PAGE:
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Amid continuing concerns about the safety of e-cigarettes, new research suggests that vaping may expose users to high levels of heavy metals, which can be extremely toxic to the body.
In a study published last week in the medical journal Environmental Health Perspectives, Johns Hopkins researchers found high levels of chromium, lead, manganese, nickel and zinc in the e-cigarette liquid. Unhealthy levels of arsenic were also found in a some of the tests.
Researchers sampled 56 e-cigarette devices from daily e-cigarette users and obtained samples from the refilling dispenser, aerosol, and remaining e-liquid in the tank. Aerosol liquid was also collected from deposited droplets on conical pipette tips.
The liquid and aerosol was analyzed for 15 metals, including aluminum, antimony, arsenic, cadmium, chromium, copper, iron, lead, manganese, nickel, titanium, tungsten, uranium and zinc.
The study suggests that the metal concentrations were higher in the tank and aerosol compared to the refill dispenser. Researchers indicate that suggests the heating coil is the source of the metal.
Tiny metal coils are used to heat e-liquid in e-cigarettes. Researchers think those coils may contaminate the vapor with lead, chromium, manganese, and nickel.
For example, measurements of nickel reached 68 mg/kg and 233 mg/kg in the tank and aerosol, but were 0.5 mg/kg in the refill dispenser. Similarly, levels of zinc reached 515 and 426 mg/kg, while reaching 13 mg/kg in the dispenser. Zinc, which is safe to humans when ingested can be rather toxic when inhaled. It is known to caused metal fume fever, which can cause fever, chills, pneumonia, chest pain, and nausea.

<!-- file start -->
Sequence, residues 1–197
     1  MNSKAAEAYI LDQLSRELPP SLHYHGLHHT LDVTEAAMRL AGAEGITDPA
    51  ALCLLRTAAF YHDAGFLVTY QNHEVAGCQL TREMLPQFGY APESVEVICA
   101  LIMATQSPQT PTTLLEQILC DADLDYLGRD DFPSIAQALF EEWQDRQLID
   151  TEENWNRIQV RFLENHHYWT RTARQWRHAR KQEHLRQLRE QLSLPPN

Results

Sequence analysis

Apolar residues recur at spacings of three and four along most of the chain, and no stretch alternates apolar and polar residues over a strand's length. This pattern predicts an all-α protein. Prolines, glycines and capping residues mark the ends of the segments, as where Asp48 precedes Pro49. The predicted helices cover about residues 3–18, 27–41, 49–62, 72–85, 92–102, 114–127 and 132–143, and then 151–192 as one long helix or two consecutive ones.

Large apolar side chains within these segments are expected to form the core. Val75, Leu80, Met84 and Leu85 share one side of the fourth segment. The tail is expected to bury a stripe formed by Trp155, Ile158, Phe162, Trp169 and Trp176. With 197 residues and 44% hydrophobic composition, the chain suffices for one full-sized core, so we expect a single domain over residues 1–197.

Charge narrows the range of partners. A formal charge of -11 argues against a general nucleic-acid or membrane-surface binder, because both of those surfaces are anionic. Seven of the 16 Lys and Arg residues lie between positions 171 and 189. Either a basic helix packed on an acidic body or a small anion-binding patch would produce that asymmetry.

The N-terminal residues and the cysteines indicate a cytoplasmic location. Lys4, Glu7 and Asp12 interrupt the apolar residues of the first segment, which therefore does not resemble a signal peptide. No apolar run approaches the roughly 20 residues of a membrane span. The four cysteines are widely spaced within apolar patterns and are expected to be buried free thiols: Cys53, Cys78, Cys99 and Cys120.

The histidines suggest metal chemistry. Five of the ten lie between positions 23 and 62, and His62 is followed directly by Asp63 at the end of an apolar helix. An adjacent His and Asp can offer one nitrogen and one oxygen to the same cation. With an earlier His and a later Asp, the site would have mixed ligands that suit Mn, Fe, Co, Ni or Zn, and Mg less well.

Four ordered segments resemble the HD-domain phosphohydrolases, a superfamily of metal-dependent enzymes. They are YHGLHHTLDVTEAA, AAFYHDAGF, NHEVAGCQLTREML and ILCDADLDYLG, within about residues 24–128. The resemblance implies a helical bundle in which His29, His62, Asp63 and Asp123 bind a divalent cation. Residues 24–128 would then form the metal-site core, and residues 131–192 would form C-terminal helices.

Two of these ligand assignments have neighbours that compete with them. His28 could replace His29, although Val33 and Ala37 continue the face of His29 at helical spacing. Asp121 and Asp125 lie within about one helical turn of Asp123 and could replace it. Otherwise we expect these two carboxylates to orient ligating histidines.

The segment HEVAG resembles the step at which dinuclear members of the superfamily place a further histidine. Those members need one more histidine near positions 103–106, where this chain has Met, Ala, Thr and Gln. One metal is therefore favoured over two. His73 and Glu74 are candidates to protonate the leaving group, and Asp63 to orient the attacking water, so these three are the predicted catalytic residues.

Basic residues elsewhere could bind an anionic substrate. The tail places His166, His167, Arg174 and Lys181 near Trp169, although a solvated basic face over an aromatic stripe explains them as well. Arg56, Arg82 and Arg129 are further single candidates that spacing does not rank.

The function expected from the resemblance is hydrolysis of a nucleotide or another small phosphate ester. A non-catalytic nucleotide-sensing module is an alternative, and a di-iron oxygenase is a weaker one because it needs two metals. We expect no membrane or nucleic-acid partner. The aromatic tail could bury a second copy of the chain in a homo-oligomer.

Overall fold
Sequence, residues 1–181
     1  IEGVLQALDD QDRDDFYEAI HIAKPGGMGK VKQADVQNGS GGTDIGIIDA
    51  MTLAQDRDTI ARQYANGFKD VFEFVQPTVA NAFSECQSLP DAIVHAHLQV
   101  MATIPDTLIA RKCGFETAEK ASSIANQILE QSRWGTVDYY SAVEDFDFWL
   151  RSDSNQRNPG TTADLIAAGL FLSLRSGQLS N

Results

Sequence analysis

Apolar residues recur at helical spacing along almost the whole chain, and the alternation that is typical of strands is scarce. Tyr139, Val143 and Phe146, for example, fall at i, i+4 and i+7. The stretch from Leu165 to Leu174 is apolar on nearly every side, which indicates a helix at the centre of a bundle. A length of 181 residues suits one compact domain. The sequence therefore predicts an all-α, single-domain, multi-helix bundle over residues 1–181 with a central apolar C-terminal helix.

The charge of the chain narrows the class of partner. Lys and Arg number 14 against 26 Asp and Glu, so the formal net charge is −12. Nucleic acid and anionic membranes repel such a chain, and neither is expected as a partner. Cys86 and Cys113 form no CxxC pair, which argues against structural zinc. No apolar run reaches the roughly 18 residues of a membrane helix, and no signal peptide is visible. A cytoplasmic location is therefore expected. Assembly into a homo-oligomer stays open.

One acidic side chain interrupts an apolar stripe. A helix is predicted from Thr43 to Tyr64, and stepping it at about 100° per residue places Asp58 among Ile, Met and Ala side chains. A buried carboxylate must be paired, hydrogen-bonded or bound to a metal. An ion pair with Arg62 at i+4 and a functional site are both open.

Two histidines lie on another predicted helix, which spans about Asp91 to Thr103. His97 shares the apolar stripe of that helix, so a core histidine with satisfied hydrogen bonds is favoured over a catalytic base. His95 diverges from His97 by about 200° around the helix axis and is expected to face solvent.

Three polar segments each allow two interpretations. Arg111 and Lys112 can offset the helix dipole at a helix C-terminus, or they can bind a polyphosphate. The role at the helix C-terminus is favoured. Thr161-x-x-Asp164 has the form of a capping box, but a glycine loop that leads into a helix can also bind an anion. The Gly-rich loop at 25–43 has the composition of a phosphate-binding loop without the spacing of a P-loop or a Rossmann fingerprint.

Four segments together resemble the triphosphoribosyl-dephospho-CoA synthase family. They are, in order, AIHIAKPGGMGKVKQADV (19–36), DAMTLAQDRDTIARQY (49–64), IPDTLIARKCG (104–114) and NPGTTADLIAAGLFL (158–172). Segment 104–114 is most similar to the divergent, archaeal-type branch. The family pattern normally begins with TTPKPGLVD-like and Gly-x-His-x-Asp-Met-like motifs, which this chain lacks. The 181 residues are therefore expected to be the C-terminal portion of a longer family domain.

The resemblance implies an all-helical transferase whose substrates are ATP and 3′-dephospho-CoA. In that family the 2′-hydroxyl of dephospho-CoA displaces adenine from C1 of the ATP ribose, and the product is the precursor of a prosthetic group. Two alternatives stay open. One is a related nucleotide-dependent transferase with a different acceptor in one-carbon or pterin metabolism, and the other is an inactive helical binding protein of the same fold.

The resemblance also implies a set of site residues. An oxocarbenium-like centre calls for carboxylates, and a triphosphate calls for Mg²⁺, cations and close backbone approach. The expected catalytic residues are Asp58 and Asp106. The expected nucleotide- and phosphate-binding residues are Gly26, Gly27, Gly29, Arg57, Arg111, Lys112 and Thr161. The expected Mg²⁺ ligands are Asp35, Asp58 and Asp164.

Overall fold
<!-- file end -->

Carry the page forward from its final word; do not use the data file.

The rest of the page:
Prior studies have linked inhalation of metals to cancers of the lung, liver, heart and to brain damage. Chronic exposure can also affect the immune system and increase the risk for other types of cancer.
Nearly all of the metals tested for were detectable in the majority of the samples. Arsenic was detectable in about 10% of the samples.
Researchers noted that metal concentrations exceeded current health safety limits in 50% or more of the samples. This was especially the case for chromium, manganese, nickel and lead.
Toxic levels were measured higher coming from e-cigarettes which had the metal coils changed more frequently. New coils seemed to produce more toxins than older coils.
However, the presence of some metals was detected in some of the liquids even before contact with the coil. Researchers speculate that other factors could play a role, such as the voltage used to heat the coil.
The findings come as more studies indicate the potentially harmful effects the devices pose to users from the release of toxic cancer-causing chemicals during aerosolization. Research published last year even linked vaping to increased risk of heart disease.